Jazz singer Charenée Wade used her dynamic voice and her considerable performance skills to entertain the full house at Foundry 616 for the second last night of the Sydney International Women’s Jazz Festival.

The evening opened with an instrumental featuring the outstanding pianist Oscar Perez. His energetic and embodied performance drew on both his Cuban roots and his New York background. Local musicians Brett Hirst on double bass and Paul Derricott on drums supported and complemented this world class pianist.

Charenée joined the trio on stage and in a sultry playful voice and explained that she is a fan of Gil Scott-Heron and just as he did she wants to use music to continue his message to make this a better world. She used her big powerful confident voice across a number of styles such as jazz, funky soul and her version of scat. As well as Gil Scott-Heron she acknowledged Betty Carter, Carmen McRae and Sarah Vaughn as her influences. I also heard hints of Nina Simone and Cleo Laine in her voice.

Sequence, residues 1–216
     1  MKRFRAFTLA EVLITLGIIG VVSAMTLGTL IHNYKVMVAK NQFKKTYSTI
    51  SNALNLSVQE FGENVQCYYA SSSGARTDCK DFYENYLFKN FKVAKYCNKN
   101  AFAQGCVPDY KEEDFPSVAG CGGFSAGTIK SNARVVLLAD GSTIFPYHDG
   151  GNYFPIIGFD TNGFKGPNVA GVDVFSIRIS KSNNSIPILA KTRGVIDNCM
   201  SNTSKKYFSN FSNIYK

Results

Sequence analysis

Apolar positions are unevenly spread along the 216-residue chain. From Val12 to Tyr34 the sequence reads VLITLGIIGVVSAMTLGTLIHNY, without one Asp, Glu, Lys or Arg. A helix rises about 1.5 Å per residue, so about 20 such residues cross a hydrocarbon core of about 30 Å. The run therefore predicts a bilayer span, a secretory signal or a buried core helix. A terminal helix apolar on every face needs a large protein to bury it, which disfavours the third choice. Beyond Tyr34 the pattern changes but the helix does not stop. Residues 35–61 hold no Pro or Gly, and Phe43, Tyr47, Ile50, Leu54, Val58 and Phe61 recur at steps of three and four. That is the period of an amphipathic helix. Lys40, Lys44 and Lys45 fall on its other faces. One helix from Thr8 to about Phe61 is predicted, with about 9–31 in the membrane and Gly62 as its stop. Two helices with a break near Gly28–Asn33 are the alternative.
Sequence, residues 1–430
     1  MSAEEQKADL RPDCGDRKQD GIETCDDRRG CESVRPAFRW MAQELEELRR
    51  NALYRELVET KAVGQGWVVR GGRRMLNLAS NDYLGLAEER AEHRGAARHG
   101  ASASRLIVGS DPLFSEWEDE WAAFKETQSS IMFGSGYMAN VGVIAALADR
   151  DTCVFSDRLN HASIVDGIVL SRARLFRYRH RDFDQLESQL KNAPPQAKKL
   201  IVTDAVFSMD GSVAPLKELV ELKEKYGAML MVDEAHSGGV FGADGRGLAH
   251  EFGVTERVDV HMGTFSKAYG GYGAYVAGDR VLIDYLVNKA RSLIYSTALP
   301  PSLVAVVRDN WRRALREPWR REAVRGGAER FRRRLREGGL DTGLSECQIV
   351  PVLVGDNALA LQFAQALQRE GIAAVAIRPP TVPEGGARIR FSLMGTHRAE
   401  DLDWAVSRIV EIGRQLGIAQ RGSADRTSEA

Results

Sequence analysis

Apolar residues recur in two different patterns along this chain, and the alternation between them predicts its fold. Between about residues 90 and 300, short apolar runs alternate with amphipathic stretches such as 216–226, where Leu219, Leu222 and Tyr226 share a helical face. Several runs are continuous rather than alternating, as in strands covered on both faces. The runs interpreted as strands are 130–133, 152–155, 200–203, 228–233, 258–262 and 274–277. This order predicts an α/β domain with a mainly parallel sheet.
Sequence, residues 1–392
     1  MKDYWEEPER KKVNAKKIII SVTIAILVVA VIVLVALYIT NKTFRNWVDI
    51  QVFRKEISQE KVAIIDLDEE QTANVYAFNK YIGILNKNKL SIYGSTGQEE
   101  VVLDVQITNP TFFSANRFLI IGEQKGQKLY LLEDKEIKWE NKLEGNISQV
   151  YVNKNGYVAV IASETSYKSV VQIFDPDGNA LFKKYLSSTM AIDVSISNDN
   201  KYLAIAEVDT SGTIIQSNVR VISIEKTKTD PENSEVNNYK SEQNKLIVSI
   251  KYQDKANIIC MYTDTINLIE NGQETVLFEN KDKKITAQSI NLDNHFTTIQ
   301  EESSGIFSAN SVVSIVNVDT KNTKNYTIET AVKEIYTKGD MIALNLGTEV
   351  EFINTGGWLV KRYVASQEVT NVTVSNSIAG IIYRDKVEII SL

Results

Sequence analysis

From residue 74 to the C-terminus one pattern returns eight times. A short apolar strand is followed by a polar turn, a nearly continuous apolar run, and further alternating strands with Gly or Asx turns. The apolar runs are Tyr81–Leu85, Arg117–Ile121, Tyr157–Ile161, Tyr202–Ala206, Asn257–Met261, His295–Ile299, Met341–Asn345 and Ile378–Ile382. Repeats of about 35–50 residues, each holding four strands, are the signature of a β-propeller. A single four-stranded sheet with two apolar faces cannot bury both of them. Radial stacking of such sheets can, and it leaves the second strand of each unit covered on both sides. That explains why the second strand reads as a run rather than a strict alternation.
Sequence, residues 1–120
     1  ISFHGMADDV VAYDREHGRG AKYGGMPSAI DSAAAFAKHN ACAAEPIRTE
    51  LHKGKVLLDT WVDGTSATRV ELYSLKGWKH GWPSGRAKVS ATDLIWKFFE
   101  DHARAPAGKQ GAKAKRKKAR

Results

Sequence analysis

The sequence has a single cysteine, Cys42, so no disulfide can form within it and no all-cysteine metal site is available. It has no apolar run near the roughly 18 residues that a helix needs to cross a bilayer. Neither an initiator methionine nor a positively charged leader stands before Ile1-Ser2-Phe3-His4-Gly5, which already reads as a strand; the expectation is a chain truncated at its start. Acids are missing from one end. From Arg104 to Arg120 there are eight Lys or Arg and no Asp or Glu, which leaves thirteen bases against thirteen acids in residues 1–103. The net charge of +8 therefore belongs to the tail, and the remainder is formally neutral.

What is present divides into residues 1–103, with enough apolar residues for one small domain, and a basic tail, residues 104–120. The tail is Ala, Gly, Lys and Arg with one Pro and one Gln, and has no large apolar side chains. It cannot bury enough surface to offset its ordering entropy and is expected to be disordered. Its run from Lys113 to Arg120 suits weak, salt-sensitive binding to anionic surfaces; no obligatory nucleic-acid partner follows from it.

The first set featured songs, such as Home Is Where The Hatred Is, I Think I’ll Call It Morning and SongOf The Wind, from her latest album, Offering. The audience happily participated in some call and echo, finger clicking and clapping along.

The second set featured songs from her forthcoming album. Abbey Lincoln and Max Roach’s song Lonesome Lover featured more audience participation with the whole room singing along. This makeshift choir even got a lesson on staggered breathing. Charenée advised us to look at the person next to you when holding a long note and breathe at a different time so that the choir seems to hold the note for a very long time.

A highlight of the evening was the performance of Essex, a song about being our brothers & sisters keepers. It started with a long, building almost avant-garde aesthetic before erupting into a bopping up tempo riot. The interaction between Oscar Perez and his piano with Charenée’s vocals was dynamic and dazzling. Oscar and Charenée are world class performers and are worth catching.

Charenée Wade performed at Foundry 616 on 16th November and will close the 2018 Sydney International Women’s Jazz Festival on 17th November.